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Kyoung whan Choe, Randolph Blake, Sang-Hun Lee; Decomposition of stimulus representations and decision-bias signatures in population activity of human primary visual cortex. Journal of Vision 2013;13(9):1264. doi: https://doi.org/10.1167/13.9.1264.
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© ARVO (1962-2015); The Authors (2016-present)
The precise role of primary sensory cortex in forming perceptual choices remains elusive. In some studies trial-to-trial fluctuations in responsiveness within primary visual cortex (V1) are tightly correlated with observers’ perceptual responses to repeated presentations of otherwise identical stimuli (Ress and Heeger, 2003; Palmer et al., 2007); in other studies no such correlation is observed (Grunewald et al., 2002; Nienborg and Cumming, 2006). At the same time, non-sensory factors such as task structure (Jack et al., 2006; Cardoso et al., 2012) or decision bias (Nienborg and Cumming, 2007) do appear to impact neural activity within early visual cortex. To elucidate V1’s contributions to perceptual decisions, we measured fMRI responses from V1 while 19 human observers performed a difficult visual discrimination task (performance: 73.7% ± 5.7% correct) and assessed simultaneously whether and how population activity in V1 represents stimuli presented and signifies choices and decision biases exhibited by observers. Over trials one of three briefly presented (0.3s), different-sized rings (2.78°, 2.84°, and 2.90°, randomly presented) was categorized by observers as ‘small’ or ‘large’. A large fraction of fMRI responses in V1 fluctuated in unison, leading us to decompose raw fMRI response profiles as a function of eccentricity (RRs) into ‘untuned responses’ (URs, average of RRs across eccentricities) and ‘tuned responses’ (TRs = RRs-URs). TRs readily resolved threshold-level differences among stimuli with high fidelity (stimulus probability: 0.57 ± 0.06; mean ± SD) but failed to predict perceptual choices made by observers. URs, on the other hand, correlated significantly with the inter-observer variability in decision bias (Pearson’s r=0.52, p=0.02). These results suggest that population responses in V1 encode external stimuli with high fidelity but their trial-to-trial variability is unlikely to signify trial-to-trial variability in actual choice selection. The relationship between untuned V1 activity and decision bias could presage an expanded conceptualization of global fluctuations in early visual cortex, perhaps reflecting sensory gating via neuromodulatory feedback mechanisms.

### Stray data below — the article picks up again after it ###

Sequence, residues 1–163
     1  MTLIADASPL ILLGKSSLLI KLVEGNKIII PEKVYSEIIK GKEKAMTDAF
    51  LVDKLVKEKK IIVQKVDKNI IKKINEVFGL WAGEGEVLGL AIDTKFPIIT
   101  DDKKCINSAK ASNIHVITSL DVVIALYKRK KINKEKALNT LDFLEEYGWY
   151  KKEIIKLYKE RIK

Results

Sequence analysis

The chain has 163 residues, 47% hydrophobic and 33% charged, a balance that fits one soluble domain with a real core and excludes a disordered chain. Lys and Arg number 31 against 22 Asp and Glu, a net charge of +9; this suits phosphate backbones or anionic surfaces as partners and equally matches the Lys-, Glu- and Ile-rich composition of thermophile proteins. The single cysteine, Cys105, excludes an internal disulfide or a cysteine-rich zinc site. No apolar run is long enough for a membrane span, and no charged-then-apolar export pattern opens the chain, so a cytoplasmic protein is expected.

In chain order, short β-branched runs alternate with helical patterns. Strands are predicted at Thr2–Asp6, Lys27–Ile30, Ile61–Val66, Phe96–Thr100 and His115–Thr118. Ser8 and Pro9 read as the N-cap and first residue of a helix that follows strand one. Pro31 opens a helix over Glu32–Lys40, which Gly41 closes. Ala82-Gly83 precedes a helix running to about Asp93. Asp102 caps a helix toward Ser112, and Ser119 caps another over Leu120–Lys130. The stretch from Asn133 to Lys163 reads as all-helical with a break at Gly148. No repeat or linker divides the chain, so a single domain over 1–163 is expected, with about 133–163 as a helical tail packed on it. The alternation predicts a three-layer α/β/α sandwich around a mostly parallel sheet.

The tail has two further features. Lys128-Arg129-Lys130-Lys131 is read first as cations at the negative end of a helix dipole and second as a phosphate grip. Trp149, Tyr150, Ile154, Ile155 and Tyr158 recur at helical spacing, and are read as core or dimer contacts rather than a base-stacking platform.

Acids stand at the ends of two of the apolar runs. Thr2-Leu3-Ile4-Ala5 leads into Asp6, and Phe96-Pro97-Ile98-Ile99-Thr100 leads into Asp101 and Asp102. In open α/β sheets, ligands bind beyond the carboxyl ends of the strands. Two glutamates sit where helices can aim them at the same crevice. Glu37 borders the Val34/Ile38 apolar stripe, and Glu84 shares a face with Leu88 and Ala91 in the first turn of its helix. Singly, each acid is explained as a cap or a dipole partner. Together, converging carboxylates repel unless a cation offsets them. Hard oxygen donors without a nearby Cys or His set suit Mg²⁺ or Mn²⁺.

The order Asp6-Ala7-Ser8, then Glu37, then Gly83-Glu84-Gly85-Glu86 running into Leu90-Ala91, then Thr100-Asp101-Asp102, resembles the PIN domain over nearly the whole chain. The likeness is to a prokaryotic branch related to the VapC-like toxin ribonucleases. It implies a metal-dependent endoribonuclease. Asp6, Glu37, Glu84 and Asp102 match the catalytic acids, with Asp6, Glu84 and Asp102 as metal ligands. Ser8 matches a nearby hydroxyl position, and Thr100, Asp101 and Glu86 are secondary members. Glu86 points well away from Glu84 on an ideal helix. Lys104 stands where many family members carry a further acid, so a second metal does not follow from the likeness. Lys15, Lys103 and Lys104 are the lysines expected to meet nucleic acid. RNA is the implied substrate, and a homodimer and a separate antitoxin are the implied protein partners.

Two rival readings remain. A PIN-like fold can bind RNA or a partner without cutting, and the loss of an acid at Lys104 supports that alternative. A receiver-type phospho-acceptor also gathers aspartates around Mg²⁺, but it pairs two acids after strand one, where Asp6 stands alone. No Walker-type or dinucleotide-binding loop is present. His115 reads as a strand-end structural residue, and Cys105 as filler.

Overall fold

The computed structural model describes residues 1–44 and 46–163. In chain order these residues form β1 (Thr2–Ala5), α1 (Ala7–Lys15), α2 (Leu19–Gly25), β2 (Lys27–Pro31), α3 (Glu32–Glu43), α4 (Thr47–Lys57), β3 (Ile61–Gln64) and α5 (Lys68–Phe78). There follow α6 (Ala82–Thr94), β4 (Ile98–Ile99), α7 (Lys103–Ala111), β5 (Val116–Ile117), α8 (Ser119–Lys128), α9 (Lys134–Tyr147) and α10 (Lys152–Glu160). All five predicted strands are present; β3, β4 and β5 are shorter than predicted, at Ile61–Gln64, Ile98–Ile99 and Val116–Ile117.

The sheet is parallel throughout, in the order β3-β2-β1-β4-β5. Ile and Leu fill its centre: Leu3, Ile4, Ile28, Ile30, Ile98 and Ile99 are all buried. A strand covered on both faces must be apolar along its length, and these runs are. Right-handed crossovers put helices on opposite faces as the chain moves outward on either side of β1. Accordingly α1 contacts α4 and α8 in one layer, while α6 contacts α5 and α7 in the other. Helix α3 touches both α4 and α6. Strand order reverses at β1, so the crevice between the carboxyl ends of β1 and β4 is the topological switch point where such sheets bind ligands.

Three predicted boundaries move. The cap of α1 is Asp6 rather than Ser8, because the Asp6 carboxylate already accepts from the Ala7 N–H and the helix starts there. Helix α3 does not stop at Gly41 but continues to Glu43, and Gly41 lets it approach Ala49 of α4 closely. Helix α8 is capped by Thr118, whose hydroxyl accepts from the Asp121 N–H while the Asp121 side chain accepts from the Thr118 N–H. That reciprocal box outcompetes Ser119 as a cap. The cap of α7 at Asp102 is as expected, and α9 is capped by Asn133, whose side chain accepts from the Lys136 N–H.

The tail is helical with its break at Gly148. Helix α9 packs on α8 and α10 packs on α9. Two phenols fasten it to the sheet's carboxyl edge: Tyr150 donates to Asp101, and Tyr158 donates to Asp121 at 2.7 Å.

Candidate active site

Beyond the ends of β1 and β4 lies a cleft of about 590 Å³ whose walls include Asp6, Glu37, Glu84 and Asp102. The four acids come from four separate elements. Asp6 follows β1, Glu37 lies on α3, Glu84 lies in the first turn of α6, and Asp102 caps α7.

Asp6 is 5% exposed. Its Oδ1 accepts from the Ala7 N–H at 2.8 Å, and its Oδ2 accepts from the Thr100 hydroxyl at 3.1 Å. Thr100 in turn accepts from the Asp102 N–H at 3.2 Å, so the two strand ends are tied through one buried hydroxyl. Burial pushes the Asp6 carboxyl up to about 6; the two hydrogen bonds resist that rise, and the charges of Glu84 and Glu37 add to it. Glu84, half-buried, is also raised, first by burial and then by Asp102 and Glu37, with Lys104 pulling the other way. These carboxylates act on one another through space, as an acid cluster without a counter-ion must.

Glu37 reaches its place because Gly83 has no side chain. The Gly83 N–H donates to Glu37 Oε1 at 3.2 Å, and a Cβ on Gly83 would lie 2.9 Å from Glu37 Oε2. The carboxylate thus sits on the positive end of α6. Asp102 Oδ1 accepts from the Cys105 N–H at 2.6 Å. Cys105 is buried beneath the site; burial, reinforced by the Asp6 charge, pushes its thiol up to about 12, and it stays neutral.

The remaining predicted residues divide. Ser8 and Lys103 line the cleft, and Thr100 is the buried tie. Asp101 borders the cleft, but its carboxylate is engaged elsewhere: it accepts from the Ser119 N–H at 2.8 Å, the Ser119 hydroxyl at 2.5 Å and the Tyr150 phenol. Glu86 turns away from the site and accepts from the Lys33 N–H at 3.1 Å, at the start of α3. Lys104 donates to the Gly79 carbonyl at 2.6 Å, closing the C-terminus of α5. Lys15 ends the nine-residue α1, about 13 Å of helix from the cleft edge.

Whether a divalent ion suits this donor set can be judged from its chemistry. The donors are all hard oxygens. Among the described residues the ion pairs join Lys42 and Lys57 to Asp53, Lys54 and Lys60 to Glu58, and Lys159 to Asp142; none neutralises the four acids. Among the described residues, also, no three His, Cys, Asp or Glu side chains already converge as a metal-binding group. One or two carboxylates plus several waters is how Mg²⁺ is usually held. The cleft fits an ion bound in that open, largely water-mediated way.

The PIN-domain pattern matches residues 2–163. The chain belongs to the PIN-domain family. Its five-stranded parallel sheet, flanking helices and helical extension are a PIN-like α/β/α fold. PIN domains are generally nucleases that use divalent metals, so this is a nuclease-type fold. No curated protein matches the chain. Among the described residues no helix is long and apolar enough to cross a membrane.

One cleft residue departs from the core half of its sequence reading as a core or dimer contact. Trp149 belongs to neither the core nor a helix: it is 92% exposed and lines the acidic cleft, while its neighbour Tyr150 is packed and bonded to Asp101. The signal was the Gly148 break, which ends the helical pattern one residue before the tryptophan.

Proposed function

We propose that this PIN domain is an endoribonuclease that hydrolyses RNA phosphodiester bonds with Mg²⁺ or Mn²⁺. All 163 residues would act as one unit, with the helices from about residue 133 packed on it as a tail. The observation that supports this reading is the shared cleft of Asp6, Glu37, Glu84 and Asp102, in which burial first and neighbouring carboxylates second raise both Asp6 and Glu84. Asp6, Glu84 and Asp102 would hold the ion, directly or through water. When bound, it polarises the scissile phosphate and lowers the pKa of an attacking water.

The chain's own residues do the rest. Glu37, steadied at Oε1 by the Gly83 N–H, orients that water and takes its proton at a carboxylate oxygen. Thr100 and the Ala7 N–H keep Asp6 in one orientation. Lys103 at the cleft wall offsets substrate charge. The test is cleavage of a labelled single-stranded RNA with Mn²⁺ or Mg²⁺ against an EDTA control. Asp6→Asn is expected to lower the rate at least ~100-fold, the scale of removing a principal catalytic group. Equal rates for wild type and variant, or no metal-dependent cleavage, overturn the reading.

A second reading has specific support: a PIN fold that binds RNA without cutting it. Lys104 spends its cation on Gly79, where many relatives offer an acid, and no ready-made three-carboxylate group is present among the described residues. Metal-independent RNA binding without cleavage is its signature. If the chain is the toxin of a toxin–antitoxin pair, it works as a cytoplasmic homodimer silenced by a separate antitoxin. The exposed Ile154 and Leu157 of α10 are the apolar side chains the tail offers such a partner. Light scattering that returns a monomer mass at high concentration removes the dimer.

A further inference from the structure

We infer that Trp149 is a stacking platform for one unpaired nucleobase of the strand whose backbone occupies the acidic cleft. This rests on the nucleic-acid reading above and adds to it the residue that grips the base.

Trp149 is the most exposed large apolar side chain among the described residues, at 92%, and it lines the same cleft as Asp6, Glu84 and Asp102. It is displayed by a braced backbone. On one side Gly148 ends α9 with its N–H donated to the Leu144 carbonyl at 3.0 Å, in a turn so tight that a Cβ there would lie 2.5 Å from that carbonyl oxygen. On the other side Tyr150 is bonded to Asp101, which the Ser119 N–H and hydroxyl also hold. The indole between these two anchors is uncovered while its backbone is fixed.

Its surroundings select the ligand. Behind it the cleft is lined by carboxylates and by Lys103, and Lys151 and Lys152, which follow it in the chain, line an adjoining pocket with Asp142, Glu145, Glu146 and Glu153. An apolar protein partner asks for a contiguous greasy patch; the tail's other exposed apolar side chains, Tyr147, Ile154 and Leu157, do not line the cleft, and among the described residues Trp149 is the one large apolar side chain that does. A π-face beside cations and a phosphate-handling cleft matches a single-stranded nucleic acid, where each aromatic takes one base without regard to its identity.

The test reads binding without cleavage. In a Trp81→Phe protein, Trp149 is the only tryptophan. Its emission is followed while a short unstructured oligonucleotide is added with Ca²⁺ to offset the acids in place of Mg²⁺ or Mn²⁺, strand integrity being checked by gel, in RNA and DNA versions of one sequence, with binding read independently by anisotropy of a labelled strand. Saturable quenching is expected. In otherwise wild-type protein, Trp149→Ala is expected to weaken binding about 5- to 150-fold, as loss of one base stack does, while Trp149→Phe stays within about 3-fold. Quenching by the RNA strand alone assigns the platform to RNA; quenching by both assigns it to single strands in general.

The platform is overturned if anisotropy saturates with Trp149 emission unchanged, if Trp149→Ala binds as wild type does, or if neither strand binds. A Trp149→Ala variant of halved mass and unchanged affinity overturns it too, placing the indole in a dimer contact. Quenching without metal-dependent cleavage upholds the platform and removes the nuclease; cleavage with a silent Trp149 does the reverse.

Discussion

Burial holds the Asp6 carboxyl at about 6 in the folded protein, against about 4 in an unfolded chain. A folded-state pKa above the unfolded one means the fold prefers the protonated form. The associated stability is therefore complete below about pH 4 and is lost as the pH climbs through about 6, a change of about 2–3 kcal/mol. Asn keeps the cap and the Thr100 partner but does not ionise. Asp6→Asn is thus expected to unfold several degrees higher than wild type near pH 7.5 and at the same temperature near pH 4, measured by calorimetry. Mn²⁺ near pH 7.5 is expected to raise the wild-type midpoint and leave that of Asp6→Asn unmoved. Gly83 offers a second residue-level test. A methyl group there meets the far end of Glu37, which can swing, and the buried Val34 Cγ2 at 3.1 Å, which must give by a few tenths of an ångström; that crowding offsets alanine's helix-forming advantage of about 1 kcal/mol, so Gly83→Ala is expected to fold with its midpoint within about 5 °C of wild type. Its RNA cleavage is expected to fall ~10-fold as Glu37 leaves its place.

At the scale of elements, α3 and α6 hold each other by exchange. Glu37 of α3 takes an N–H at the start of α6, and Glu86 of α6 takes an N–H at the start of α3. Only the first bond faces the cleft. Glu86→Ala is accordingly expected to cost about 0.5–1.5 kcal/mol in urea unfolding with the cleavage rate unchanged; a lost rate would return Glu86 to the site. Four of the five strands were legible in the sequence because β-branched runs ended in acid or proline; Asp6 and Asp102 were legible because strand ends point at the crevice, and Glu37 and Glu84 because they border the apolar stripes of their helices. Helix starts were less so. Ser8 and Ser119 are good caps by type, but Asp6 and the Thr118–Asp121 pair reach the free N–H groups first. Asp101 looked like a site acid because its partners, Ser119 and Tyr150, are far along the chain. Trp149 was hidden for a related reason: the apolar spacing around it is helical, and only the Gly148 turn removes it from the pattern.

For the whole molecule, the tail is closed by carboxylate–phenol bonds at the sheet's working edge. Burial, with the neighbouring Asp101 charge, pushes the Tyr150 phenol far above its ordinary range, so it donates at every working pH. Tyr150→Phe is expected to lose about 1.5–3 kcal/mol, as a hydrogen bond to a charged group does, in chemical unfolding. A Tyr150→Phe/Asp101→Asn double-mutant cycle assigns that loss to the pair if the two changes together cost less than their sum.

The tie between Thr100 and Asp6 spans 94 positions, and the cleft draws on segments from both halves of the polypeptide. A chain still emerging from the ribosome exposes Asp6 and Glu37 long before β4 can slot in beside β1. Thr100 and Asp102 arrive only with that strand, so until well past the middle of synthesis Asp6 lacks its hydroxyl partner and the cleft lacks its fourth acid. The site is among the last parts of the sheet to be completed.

Meeting abstract presented at VSS 2013
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